Exposure to intergroup conspiracy theories promotes prejudice which spreads across groups

Jolley, Daniel, Meleady, Rose, Douglas, Karen (2019) Exposure to intergroup conspiracy theories promotes prejudice which spreads across groups. British Journal of Psychology, . ISSN 0007-1269. (doi:10.1111/bjop.12385)

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Abstract

This research experimentally examined the effects of exposure to intergroup conspiracy theories on prejudice and discrimination. Study 1 (N = 166) demonstrated that exposure to conspiracy theories concerning immigrants to Britain from the European Union (vs. anti-conspiracy material or a control) exacerbated prejudice towards this group. Study 2 (N = 173) found the same effect in a different intergroup context—exposure to conspiracy theories about Jewish people (vs. anti-conspiracy material or a control) increased prejudice towards this group and reduced participants’ willingness to vote for a Jewish political candidate. Finally, Study 3 (N = 114) demonstrated that exposure to conspiracy theories about Jewish people not only increased prejudice towards this group but was indirectly associated with increased prejudice towards a number of secondary outgroups (e.g., Asians, Arabs, Americans, Irish, Australians). The current research suggests that conspiracy theories may have potentially damaging and widespread consequences for intergroup relations.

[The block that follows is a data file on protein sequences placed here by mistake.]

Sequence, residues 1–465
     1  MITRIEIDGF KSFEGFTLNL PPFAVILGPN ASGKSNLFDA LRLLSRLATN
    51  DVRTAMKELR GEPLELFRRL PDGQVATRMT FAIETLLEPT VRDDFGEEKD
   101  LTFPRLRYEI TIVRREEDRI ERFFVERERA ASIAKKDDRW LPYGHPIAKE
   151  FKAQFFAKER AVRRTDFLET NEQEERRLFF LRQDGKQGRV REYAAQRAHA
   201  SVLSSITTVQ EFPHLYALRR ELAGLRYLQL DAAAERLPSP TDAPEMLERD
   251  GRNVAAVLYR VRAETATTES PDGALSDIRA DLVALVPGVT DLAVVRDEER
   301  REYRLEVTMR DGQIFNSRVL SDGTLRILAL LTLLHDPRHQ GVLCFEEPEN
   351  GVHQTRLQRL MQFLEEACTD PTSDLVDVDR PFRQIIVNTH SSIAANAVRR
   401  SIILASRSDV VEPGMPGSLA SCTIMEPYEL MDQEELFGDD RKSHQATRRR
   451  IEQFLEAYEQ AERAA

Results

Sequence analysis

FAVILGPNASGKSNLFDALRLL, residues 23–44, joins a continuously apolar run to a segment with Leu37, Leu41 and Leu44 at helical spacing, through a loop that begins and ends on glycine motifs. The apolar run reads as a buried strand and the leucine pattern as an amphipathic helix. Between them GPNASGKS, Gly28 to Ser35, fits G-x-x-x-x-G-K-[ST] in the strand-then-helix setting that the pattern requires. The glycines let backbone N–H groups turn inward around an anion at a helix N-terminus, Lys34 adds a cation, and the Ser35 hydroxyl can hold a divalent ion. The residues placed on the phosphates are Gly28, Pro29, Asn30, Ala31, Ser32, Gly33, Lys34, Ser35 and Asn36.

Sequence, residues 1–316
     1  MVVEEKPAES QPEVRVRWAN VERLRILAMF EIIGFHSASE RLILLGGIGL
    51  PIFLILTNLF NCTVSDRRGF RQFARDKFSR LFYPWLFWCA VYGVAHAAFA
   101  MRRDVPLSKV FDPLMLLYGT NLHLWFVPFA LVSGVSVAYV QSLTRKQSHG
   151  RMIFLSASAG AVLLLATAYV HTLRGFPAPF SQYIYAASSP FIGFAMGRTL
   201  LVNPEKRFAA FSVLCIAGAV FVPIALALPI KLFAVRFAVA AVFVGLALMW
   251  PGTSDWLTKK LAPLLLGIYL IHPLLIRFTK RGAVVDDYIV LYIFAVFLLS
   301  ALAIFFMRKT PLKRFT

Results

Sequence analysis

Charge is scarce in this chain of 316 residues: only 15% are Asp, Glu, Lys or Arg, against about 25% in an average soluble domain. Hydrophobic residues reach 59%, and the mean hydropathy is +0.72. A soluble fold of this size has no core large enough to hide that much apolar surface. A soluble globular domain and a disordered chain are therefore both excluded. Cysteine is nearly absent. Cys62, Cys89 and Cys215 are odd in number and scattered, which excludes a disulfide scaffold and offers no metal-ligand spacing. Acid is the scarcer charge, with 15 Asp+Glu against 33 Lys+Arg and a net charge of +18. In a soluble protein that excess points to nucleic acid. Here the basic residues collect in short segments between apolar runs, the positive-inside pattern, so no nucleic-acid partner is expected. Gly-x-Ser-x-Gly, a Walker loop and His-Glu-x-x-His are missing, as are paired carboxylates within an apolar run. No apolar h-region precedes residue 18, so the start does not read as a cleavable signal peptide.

Item Type: Article
DOI/Identification number: 10.1111/bjop.12385
Uncontrolled keywords: conspiracy theories, discrimination, intergroup relations, prejudice
Subjects: B Philosophy. Psychology. Religion > BF Psychology
Divisions: Faculties > Social Sciences > School of Psychology
Faculties > Social Sciences > School of Psychology > Social Psychology
Depositing User: Karen Douglas
Date Deposited: 14 Feb 2019 11:37 UTC
Last Modified: 03 Jun 2019 09:24 UTC
Resource URI: https://kar.kent.ac.uk/id/eprint/72488 (The current URI for this page, for reference purposes)
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